Navigate an effective — and realistic — exit with these approaches.
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Most of us hear about the entrepreneurs who exited their company for life-changing sums of money. Go and speak to your local high-net-worth wealth advisor and you’ll find that a lot of their clients made their fortune when their company was acquired.
Those are excellent stories, sure, however the reality for some businesses is that you can’t sell them for just one big lump of money, particularly if they are worth between $500,000 and $5 million.
To begin with, other entrepreneurs won’t purchase your business for over $500,000. Entrepreneurs typically believe they are able to contend with you and instead of spending half of a million or even more to purchase your business, they’d rather spend it on creating a competitive product or growing their own business. Additionally, entrepreneurs are rarely cashed up; if indeed they do have spare money they rush off and purchase houses with it.
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Big companies have big lumps of cash to go and purchase businesses however they don’t typically do deals for under $5 million. Normally acquisitive companies are publicly traded or are backed by private equity funding; in any event, they have to report back again to an army of stakeholders who would like to see piles of supporting documentation on why any acquisition was made.
This implies acquisitions are usually “mandated by the board of directors” to become a minimum deal size. An extremely small mandate will be $5 million but most big businesses want to invest at least $20-100 million on an acquisition considering it’s roughly the same amount of work to get either.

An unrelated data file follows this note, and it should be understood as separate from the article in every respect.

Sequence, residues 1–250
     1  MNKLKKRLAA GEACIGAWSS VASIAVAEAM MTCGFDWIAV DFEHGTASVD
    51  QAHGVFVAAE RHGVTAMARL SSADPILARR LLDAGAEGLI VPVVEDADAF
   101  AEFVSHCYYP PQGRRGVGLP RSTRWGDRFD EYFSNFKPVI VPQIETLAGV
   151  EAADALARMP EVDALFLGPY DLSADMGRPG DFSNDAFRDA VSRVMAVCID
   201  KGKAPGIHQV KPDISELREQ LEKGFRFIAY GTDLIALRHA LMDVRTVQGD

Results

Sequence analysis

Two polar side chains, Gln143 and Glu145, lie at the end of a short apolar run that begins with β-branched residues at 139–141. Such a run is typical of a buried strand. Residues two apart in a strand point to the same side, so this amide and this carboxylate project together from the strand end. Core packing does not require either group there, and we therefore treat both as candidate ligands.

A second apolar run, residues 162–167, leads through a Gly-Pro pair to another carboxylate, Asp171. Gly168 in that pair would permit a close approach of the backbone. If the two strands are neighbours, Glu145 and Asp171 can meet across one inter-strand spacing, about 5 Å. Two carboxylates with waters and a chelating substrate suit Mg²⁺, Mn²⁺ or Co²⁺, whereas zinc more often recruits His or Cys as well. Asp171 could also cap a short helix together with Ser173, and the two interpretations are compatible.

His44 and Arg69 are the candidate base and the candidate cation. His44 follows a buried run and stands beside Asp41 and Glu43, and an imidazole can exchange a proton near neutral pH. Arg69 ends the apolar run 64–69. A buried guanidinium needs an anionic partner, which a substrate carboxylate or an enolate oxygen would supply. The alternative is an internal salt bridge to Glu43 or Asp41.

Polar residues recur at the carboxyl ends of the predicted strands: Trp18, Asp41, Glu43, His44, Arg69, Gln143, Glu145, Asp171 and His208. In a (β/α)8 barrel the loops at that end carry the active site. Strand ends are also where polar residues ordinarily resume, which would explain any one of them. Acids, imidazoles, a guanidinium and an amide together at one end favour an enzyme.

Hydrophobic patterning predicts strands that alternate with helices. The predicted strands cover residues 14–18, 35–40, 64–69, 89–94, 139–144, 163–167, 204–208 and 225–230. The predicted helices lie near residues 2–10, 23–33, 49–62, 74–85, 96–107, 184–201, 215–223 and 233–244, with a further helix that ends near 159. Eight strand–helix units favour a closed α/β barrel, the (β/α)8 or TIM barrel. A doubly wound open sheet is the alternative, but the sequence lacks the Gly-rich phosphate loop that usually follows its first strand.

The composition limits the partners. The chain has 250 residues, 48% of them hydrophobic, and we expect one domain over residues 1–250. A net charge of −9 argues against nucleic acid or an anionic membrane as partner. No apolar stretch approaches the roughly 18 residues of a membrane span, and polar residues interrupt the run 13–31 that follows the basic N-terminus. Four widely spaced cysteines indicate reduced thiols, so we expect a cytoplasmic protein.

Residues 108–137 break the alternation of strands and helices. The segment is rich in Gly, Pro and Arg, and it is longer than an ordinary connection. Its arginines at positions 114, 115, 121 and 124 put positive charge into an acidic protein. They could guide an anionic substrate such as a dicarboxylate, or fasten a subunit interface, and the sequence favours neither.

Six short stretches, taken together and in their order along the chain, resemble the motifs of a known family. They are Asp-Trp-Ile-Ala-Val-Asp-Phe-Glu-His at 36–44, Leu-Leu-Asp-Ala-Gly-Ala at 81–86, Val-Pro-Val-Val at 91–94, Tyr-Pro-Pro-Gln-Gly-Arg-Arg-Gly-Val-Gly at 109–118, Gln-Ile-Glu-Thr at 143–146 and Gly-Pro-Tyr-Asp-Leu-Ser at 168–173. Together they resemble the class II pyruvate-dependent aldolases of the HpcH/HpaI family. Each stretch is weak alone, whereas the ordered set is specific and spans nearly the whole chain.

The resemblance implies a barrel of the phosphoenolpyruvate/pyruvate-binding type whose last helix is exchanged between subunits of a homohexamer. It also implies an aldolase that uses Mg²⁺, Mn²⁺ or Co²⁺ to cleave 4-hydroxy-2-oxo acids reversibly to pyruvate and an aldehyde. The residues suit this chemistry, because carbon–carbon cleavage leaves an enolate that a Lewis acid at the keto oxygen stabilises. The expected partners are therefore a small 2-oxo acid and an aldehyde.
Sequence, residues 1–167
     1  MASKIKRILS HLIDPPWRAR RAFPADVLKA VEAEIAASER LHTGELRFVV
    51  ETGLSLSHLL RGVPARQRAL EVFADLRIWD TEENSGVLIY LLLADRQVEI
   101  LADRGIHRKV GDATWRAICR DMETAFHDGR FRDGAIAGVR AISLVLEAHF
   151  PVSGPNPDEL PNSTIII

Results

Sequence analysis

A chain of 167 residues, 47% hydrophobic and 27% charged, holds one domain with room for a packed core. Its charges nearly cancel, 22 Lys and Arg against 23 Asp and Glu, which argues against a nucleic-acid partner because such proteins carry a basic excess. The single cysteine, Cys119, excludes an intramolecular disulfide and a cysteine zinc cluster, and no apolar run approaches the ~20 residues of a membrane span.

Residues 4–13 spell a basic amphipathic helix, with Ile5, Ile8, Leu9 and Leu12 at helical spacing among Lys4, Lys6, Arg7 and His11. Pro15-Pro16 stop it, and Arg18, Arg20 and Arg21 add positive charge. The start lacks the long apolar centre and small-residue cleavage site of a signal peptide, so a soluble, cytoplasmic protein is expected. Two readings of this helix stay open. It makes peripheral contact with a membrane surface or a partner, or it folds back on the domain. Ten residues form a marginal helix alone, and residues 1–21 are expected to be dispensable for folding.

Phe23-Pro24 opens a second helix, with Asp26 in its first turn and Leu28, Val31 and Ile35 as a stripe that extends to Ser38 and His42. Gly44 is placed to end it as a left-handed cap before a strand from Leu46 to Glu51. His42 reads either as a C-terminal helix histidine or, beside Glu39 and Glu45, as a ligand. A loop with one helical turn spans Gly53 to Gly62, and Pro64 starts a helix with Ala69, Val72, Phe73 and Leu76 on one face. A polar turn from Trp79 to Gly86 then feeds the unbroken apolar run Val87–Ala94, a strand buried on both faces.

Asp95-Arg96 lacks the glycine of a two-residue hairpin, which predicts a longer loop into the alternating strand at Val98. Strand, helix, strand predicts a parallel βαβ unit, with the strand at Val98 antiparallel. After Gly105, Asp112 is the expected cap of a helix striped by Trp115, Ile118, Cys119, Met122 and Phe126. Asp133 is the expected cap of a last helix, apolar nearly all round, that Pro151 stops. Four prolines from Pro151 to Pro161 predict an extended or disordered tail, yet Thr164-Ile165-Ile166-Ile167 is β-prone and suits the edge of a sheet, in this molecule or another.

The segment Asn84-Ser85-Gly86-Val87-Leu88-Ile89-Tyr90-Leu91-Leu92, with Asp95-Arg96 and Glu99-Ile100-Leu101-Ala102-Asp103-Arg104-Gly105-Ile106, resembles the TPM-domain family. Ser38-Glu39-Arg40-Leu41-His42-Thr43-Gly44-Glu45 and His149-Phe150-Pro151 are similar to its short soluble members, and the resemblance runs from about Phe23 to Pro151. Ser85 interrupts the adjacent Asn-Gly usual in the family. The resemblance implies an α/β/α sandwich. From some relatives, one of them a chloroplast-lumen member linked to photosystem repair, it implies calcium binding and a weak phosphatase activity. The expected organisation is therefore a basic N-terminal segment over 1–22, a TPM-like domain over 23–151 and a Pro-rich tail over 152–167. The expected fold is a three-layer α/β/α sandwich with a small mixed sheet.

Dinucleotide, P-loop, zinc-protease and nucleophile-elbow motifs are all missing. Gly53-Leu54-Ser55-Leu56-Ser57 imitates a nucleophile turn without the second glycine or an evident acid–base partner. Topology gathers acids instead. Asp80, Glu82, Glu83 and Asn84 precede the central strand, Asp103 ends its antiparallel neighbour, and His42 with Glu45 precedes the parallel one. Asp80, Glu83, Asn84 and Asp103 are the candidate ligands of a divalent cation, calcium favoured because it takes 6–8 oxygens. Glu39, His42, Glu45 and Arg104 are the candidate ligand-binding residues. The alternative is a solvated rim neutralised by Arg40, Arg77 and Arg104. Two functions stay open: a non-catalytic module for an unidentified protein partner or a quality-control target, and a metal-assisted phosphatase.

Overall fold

Most entrepreneurs certainly are a good way from selling their business for $5 million or even more, however they also don’t want to market it for under $500,000. Listed below are three alternative arrangements for selling your small business that’s valued somewhere in-between.
Exit 1: The Mini Cash Cow
This exit isn’t about selling your business but instead exiting yourself from the day-to-day operations of the business enterprise. You’ll probably have to scale the business back again to a little core team (typically 6-12) and concentrate on the profitable and repeatable work that you’re best at. In the event that you get your business running in a manner that only requires you to accomplish a couple of days a month but still pays you a decent income, in ways you have exited the business enterprise.
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Exit 2: The Mini MBO
In case you have a little team of managers working in the business already, you can explore a management-buy-out (MBO). In this deal, several of the individuals who already know the business enterprise choose the controlling shares and dominate its ownership.
For smaller businesses that can’t access independent funding to complete this deal, you may be necessary to sell down your shares over 2-5 years for a price the business are able. For protection, you can structure this deal just like a loan and put debentures over the business enterprise for security. It’s not the big lump sum you wished for but at least you can’t go and blow everything on a yacht that you will regret later.
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Exit 3: The Mini Merger
In the event that you go looking, you may locate a competitor or complementary business who’s in an identical position to yourself. You both are too small to be bought by a bigger company but together you’re the proper size. In this deal, you’ll “bolt together” several businesses and have them working as one, and approaching larger companies for a cash exit. Instead of having 100% of a business that can’t be easily sold, you will probably find yourself with 35% of a business that sells for millions.
To accomplish these alternative exits you will require a skilled business coach, accountant and lawyer who each includes a history of getting businesses in to the right shape.
Be warned though, entrepreneurs are notorious for only lasting 3-6 months prior to going off to star